I would love to see a conclusion (via movie, graphic novel or written novel) to Stargate Universe. Cancelled by Syfy, Stargate Universe ends with the crew of Destiny in stasis as the ship crosses the void between galaxies (which will take three years, give or take a thousand or so). 

The critically acclaimed series starring Robert Carlyle, Louis Ferreira, and David Blue (which I only discovered after it went off the air) suffered from being too different than its Stargate franchise predecessors, and it deserves a proper ending. The series creators envisioned a five-year story arc, and I strongly hope Syfy (or whomever) eventually gives the story a fitting resolution (maybe even scheduled for 2014, when we can pick up with the crew three years after the series ended, just in time for them to wake up in their stasis pods).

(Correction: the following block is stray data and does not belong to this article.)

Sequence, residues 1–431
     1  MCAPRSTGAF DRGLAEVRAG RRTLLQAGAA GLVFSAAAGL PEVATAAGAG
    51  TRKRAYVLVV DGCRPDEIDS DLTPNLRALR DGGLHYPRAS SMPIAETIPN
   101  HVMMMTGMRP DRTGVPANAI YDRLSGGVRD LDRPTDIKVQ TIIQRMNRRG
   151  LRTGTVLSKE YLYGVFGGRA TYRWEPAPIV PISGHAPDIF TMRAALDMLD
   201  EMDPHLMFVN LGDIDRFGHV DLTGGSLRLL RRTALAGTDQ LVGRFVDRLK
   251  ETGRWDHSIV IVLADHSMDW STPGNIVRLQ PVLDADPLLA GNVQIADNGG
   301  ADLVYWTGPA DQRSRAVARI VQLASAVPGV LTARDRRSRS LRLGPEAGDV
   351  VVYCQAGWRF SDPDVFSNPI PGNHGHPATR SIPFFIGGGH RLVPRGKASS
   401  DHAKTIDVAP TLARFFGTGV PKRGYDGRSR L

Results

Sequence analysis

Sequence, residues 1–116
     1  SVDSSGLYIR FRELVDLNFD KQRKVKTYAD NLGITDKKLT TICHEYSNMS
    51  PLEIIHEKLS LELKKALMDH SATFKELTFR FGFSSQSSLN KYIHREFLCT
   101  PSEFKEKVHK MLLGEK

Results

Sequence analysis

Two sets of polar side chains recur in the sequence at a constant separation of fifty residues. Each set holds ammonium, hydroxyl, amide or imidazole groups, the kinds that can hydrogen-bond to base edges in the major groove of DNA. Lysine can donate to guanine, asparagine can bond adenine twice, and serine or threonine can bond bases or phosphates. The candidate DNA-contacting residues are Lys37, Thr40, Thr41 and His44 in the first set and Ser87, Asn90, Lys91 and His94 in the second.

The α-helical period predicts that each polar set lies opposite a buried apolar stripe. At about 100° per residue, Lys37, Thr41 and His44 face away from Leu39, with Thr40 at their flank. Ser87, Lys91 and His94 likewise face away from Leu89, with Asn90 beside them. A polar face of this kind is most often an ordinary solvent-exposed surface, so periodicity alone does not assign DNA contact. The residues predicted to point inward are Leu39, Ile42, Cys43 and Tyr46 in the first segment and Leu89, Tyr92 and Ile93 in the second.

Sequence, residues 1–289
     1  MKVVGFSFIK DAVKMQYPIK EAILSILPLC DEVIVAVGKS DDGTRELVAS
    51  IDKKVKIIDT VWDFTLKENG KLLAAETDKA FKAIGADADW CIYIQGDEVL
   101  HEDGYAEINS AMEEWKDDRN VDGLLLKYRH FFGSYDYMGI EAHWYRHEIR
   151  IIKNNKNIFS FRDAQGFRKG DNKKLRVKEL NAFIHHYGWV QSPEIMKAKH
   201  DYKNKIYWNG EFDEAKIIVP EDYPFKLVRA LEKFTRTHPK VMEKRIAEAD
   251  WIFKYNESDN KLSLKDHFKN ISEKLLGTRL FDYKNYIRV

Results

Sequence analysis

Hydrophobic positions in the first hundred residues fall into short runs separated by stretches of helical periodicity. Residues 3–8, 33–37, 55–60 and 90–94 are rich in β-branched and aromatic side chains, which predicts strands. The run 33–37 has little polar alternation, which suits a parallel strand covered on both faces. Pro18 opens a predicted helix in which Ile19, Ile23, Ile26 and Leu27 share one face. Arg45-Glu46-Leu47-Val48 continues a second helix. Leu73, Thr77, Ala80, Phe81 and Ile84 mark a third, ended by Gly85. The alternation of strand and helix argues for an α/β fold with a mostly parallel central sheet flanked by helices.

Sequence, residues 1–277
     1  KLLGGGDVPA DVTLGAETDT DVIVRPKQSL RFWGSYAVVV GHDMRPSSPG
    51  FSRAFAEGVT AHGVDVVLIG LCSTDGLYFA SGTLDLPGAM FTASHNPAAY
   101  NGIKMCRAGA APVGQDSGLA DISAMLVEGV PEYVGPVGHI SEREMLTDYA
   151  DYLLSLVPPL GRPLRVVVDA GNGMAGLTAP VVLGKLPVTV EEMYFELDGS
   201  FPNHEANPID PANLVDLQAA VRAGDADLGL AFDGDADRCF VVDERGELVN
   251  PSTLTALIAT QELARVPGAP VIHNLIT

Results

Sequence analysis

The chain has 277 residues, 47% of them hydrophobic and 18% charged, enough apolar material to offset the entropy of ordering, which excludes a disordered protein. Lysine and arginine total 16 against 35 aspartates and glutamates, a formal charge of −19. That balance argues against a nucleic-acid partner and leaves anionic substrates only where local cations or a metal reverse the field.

As wary as I’ve become of Syfy, I’ve really become a fan of The Science Channel (formerly Discovery Science). It has really blossomed as a viable Syfy alternative. Airing Firefly reruns (with extras), and now becoming the home (again with extras) for Fringe and other quality sci-fi, including its series Prophets of SciFi, the network does a great job as well of exploring the nexus between science fact and science fiction, discovery and speculation. 

The mainstream networks also continue to dabble in offering genre television, but they need to give those shows a chance to develop an audience. (To its credit, Fox has historically kept faith with its quirkier series, often staying long after another network would have cut them.) ABC was unwilling to do that with its excellent (and now cancelled) Last Resort, which takes its final bow at the end of January. With its intriguing political brinkmanship premise, Last Resort is an intriguing show with many possibilities. I would love to see it get a new life elsewhere, either on television of in some form of alternative media.